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February 12, 2024

๐Ÿ•ถ๏ธ Good Monday morning! Smart Brevityโ„ข count: 1,393 words ... 5 mins. Edited by Bryan McBournie.

๐ŸŽค Situational awareness: John Kirby โ€” the public face of the Biden administration's response to the Israel-Hamas war, and a favorite of President Biden โ€” is being promoted to White House national security communications adviser, with the rank of assistant to the president. Go deeper.

1 big thing: How Biden botched the border

Illustration of various hands in suits pointed at each other surrounded by various shapes

Illustration: Sarah Grillo/Axios

Aboard Air Force One en route to tour the southern border in January 2023, President Biden sat at the head of his conference table and exploded with fury, Axios' Alex Thompson and Stef Kight report.

  • The president lit into his team, which included then-Deputy Chief of Staff Jen O'Malley Dillon, Homeland Security adviser Liz Sherwood-Randall and other immigration officials. He demanded obscure immigration data points โ€” and vented when his staff didn't have them handy.

Why it matters: The previously unreported meeting, recounted to Axios by three people familiar with the events, is emblematic of the Biden administration's struggle with the border crisis during the past three years โ€” infighting, blame-shifting and indecision.

Biden's fury subsided, and aides scrambled for the information he wanted. People in the meeting later told others in frustration that his winding process and irritability were making it more difficult to reach decisions about the border.

  • The White House counters that the meeting was "productive." Spokesperson Andrew Bates told Axios that "multiple firsthand participants of the meeting refute this description of the tone and outcome" of a conversation on "the specifics of this complex issue."
  • The rolling chaos along the border has grown to the point that Biden now is embracing immigration policies he ran against in 2020 โ€” such as restricting asylum laws and suggesting he'll "shut down" the border โ€” as the crisis threatens his re-election.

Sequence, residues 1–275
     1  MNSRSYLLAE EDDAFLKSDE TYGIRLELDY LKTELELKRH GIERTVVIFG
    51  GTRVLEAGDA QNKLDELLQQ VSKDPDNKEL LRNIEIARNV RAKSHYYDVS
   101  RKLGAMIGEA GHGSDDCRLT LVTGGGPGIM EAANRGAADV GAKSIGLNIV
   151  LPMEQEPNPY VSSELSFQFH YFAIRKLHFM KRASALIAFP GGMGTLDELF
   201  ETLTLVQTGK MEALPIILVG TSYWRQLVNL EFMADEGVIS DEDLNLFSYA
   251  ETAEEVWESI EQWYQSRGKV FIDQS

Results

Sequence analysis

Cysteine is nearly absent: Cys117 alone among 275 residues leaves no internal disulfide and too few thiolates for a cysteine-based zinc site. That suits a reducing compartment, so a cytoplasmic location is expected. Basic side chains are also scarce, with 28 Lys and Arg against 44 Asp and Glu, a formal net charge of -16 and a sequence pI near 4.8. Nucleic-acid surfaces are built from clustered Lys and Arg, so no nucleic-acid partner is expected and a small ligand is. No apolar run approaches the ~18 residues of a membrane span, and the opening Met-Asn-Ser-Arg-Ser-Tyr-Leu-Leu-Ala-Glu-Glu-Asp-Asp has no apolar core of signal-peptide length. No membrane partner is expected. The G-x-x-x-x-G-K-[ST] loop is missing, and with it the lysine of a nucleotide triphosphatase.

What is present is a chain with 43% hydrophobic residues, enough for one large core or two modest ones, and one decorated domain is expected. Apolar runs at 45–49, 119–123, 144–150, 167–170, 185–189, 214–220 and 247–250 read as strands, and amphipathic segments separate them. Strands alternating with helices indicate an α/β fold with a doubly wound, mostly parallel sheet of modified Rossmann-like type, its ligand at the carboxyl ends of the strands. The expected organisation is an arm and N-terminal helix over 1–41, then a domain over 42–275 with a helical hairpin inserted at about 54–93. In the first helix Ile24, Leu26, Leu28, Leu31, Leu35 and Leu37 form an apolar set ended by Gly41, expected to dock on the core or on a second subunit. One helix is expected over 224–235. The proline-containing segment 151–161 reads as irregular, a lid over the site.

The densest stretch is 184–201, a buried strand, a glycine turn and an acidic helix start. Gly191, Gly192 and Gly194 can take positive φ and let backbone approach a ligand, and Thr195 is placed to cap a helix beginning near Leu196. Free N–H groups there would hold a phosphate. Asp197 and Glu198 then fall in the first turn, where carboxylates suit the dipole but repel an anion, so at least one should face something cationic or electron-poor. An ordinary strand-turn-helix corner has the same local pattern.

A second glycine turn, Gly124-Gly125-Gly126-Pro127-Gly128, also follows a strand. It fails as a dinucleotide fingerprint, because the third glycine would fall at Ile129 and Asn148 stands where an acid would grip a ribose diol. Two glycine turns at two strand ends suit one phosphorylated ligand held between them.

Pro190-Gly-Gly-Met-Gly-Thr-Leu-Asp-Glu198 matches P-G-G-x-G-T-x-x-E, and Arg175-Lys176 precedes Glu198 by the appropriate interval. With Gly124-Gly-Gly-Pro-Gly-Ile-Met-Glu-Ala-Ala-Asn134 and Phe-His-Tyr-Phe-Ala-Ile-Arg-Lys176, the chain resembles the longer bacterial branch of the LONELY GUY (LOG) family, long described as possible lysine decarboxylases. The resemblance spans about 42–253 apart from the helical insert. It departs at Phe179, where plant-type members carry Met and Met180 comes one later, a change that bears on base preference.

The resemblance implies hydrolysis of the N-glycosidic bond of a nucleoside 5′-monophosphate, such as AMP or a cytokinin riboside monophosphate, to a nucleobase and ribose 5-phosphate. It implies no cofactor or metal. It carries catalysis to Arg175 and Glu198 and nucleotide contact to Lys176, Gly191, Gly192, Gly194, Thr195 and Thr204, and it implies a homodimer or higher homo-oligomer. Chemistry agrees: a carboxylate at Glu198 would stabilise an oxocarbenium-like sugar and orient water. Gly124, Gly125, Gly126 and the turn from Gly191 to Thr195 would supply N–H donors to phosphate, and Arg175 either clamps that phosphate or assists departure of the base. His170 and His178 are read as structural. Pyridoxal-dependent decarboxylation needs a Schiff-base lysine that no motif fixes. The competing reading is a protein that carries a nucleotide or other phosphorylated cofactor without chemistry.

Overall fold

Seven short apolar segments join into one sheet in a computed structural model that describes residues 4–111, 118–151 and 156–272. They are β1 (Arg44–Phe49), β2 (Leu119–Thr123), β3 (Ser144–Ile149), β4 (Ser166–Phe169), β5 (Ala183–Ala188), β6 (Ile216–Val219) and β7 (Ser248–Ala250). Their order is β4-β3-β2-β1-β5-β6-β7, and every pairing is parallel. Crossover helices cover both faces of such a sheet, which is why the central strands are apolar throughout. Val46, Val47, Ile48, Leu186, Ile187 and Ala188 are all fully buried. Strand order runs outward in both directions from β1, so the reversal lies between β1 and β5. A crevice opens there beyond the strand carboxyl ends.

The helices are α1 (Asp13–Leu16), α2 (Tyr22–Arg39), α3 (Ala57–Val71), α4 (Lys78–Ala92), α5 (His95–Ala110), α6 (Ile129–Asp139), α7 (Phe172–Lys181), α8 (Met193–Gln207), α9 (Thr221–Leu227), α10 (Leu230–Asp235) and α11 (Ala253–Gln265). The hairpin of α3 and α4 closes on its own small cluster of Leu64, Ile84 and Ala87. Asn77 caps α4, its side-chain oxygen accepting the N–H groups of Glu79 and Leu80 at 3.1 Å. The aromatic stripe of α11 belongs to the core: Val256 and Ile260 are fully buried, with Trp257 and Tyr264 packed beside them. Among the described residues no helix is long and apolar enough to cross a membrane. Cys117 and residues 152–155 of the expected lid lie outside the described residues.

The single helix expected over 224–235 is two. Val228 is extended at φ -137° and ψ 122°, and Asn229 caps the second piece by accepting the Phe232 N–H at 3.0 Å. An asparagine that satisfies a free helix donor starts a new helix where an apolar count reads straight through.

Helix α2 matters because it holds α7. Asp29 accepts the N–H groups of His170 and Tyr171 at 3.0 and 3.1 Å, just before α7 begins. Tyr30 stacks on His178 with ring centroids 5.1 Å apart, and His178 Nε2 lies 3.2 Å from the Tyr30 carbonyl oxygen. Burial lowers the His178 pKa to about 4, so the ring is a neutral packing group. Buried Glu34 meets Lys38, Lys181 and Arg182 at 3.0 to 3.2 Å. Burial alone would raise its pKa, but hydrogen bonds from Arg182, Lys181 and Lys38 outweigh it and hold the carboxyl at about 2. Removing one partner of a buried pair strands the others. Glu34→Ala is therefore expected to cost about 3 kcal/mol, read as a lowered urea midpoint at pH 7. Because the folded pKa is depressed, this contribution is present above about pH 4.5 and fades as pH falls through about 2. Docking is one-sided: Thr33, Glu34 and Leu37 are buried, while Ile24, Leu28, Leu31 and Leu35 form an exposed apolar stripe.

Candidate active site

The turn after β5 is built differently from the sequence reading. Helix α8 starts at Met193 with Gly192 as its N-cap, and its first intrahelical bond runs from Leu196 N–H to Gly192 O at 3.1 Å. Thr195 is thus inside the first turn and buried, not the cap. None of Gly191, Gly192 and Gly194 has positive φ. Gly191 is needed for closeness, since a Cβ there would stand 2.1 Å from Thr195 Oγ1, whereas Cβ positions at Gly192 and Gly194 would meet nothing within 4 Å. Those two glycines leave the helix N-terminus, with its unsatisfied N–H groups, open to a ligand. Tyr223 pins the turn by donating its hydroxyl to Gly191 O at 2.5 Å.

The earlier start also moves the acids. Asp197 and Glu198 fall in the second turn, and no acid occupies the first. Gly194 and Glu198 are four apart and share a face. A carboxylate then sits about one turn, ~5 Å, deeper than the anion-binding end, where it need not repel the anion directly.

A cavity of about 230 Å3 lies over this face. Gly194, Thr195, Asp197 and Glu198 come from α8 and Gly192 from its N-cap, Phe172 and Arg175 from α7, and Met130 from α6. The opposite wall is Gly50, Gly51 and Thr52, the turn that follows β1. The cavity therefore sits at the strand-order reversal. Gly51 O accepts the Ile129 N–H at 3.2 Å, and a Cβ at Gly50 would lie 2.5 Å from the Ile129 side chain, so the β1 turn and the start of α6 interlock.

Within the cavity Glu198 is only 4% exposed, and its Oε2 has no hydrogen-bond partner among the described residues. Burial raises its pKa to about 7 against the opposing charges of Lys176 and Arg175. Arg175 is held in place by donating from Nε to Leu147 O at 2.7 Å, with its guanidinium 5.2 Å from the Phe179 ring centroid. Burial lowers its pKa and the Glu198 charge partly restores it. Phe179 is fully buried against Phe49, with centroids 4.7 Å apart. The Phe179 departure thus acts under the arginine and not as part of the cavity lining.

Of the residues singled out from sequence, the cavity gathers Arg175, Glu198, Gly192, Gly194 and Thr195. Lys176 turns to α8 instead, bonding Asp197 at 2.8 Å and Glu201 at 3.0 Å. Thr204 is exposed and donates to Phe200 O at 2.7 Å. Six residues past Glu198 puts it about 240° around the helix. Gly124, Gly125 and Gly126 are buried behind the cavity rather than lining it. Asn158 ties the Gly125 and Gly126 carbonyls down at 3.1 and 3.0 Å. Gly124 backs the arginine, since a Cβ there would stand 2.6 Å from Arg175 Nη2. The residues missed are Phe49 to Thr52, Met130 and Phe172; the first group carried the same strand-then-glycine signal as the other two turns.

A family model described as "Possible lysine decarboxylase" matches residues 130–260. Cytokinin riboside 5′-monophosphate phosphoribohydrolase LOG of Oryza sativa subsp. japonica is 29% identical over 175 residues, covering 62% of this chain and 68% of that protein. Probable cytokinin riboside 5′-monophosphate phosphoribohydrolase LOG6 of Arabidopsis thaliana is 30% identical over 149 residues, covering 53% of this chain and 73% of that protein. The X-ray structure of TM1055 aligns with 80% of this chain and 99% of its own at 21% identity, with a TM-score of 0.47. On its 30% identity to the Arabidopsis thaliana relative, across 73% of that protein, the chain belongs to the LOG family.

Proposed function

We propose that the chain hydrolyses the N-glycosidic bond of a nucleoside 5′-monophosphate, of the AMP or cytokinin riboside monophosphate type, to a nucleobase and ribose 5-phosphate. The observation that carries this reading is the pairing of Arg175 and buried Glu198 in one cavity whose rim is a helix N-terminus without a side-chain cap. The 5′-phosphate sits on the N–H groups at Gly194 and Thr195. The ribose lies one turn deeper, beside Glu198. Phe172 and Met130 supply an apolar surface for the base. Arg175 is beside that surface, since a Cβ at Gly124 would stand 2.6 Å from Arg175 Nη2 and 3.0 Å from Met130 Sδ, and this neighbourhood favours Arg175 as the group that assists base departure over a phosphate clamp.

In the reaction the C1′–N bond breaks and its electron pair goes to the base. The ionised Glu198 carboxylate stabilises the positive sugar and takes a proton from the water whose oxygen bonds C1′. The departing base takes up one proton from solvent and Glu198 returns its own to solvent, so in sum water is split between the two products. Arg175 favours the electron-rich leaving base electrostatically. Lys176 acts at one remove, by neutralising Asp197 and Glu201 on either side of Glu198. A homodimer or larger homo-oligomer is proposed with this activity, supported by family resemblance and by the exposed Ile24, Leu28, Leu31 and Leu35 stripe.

Reality check: Much of the current crisis is rooted in factors Biden's team has had little control over โ€” including unprecedented global calamities that have pushed millions of migrants to the U.S., decades of congressional inaction, and the state of key agencies after the Trump administration.

  • Many current and former Biden officials say they believe they've done their best considering the circumstances. But others told Axios they think the administration has fallen far short on matters within its control.

What happened: The crisis grew slowly. Many administration leaders treated the issue like a hot potato because it was politically thankless, several sources in and out of government told Axios.

  • The idea that no one wanted to "own it" came up repeatedly in interviews about the border crisis. But the problem required a robust and coordinated response at several levels of the federal government.

As the humanitarian conditions at the border have deteriorated and the politics surrounding immigration have become a thorn for Biden, he has become scratchier when the issue comes up, according to current and former aides.